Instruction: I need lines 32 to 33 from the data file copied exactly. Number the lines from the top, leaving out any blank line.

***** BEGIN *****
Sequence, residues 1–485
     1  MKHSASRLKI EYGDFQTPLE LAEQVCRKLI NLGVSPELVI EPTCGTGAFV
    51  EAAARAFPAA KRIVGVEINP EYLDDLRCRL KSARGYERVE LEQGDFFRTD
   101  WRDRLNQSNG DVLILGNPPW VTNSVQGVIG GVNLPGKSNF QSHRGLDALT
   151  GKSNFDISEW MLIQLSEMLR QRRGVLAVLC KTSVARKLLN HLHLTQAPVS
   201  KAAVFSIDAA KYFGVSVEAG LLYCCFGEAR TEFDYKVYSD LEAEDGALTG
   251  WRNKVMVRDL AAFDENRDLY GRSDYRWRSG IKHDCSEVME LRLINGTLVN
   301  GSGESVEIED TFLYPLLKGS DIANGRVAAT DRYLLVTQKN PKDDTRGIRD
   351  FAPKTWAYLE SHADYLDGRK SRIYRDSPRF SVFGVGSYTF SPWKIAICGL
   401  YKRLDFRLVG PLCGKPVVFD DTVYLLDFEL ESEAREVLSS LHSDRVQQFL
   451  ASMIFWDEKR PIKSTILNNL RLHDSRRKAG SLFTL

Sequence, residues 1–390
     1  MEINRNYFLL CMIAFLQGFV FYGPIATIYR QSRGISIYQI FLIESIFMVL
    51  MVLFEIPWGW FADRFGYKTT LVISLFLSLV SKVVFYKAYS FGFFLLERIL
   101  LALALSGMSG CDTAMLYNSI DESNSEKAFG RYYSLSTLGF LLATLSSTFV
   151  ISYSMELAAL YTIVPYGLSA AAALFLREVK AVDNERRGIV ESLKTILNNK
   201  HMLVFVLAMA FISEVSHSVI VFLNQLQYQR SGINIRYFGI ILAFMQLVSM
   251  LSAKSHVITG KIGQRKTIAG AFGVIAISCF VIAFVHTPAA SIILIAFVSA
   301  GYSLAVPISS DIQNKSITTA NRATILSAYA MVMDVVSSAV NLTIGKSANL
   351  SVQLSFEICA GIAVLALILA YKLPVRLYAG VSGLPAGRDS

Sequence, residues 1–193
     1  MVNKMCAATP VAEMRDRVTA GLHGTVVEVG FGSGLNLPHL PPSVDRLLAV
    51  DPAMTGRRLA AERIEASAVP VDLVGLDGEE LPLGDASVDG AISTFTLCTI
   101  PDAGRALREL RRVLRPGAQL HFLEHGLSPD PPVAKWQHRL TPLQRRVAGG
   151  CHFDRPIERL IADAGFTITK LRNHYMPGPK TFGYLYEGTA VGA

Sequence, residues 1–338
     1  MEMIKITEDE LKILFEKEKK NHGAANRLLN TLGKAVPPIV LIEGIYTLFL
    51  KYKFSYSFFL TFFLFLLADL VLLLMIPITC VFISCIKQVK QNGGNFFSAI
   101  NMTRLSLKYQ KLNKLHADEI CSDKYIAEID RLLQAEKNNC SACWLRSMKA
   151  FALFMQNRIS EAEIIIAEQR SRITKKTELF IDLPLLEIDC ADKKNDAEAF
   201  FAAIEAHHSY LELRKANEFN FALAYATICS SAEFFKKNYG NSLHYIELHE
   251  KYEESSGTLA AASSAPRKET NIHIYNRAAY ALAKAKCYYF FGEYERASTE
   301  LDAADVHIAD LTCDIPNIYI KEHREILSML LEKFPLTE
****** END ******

   251  KYEESSGTLA AASSAPRKET NIHIYNRAAY ALAKAKCYYF FGEYERASTE
   301  LDAADVHIAD LTCDIPNIYI KEHREILSML LEKFPLTE